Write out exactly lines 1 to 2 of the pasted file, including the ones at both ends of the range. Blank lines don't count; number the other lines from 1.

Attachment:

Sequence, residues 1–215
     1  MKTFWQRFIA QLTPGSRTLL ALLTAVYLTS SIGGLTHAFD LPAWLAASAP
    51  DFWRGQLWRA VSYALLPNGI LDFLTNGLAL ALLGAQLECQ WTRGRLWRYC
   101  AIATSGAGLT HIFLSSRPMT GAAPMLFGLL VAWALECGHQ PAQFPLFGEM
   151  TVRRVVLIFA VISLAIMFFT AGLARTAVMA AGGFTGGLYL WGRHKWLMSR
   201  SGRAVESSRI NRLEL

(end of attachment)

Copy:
Sequence, residues 1–215
     1  MKTFWQRFIA QLTPGSRTLL ALLTAVYLTS SIGGLTHAFD LPAWLAASAP